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Six-Legged Robot Electrode Can Be Gently Deployed Across the Brain’s Surface

A spiral shaped electrode is seen on a hand.
Credit: EPFL/Alain Herzog
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A new robotic brain electrode system developed by researchers at École Polytechnique Fédérale de Lausanne (EPFL) can be deployed onto the brain’s surface after being delivered through a tiny hole in the skull. The six “legs” of the electrodes are used to monitor regions of the brain affected by epileptic seizures and the new device could offer a less invasive solution for patients.

The study is published in Science Robotics.

The challenge of recording seizure activity

Medical professionals treating epilepsy patients face a difficult process in trying to understand the source of their seizures, which are driven by aberrant brain activity that can be tracked using electrodes. To achieve a clear picture of brain activity, these electrocorticography (ECoG) devices need to be in contact with the brain’s outer surface, the cortex. In order to deliver a device that covers enough of the cortex in enough detail to provide a useful reading, ECoG devices are often limited to use in the operating room.

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But a six-legged robot might change all this. The device was developed by a team at EPFL in Switzerland. Senior study author and EPFL Neuro X Institute professor Stéphanie Lacour specializes in developing flexible electrode systems that can respond to the harsh and dynamic environment inside the human body to make reliable and informative contact with our nervous system.

“Minimally invasive neurotechnologies are essential approaches to offer efficient, patient-tailored therapies,” says Lacour. “We needed to design a miniaturized electrode array capable of folding, passing through a small hole in the skull and then deploying in a flat surface resting over the cortex. We then combined concepts from soft bioelectronics and soft robotics.”

Ingenious engineering

The robot, which remains in a prototype stage, features several engineering innovations that help it capture data from the brain. The array is soft, meaning it can be fit through a 2 cm-diameter hole in the skull and is stored in a cylindrical tube prior to deployment. When released, it then expands to cover a 4 cm-diameter area of cortex. The device is also thin, as the space between the skull and the brain’s surface is around a millimeter in depth.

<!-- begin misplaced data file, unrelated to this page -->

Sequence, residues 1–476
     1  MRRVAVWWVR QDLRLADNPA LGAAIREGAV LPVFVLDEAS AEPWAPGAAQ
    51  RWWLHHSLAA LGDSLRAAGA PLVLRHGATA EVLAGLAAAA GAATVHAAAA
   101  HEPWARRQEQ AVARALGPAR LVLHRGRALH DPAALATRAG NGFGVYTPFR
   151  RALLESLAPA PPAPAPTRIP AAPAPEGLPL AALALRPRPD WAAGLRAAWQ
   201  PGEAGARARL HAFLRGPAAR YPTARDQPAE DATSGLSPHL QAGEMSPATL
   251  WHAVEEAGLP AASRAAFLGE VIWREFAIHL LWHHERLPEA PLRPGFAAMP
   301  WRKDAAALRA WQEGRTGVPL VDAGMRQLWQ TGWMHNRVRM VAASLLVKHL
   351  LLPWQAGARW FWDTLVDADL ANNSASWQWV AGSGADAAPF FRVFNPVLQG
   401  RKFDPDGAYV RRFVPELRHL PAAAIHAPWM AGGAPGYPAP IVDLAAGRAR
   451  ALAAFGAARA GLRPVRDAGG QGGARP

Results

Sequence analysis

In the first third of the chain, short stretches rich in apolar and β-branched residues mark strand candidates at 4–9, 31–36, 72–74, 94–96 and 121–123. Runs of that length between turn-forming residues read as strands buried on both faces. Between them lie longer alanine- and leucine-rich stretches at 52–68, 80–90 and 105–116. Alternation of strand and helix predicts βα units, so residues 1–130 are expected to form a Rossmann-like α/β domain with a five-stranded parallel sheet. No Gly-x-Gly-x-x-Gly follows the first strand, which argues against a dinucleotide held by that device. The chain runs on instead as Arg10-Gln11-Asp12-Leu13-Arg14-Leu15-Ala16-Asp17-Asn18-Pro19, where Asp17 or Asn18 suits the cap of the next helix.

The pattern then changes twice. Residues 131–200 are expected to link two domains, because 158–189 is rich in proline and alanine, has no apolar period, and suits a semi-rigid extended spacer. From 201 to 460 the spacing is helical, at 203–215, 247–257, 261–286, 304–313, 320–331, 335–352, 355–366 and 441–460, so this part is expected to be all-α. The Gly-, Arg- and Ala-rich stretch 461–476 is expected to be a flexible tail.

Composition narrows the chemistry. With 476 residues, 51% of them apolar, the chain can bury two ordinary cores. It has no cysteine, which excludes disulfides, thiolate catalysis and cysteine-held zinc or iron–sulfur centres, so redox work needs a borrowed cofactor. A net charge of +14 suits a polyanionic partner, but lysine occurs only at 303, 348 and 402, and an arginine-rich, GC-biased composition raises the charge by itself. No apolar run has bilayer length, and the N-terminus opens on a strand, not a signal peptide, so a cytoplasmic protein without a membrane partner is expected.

The device has six spiral-shaped “legs” that are designed to maximize the area the device can record from and the number of electrodes in contact with that area. Straight arms, in comparison, cover less surface area and can contain fewer electrodes.  The legs are released sequentially to minimize the risk of any damage to the brain’s surface. The technique used to achieve this gentle deployment is called an eversion mechanism. “The beauty of the eversion mechanism is that we can deploy an arbitrary size of electrode with a constant and minimal compression on the brain,” says Sukho Song, lead author of the study. “The soft robotics community has been very much interested in this eversion mechanism because it has been bio-inspired. This eversion mechanism can emulate the growth of tree roots, and there are no limitations in terms of how much tree roots can grow.”

Inside the tube, the electrode is both folded and turned inside-out. When it is ready to be released, liquid fills each finger-like process of the electrode, unfolding it over the brain and turning it right-side out, exposing the electrode pattern, tattooed onto the electrode’s surface by a process involving the evaporation of gold onto the electrode’s elastomer surface.

The electrode has only been tested in a mini-pig thus far, but a spin-off company aiming to translate the technology into humans has been granted 2.5 million CHF Swiss Accelerator by Innosuisse.

Reference: Song S, Fallegger F, Trouillet A, Kim K, Lacour SP. Deployment of an electrocorticography system with a soft robotic actuator. Science Robotics. 2023;8(78):eadd1002. doi:10.1126/scirobotics.add1002

This article is a rework of a press release issued by EPFL. Material has been edited for length and content.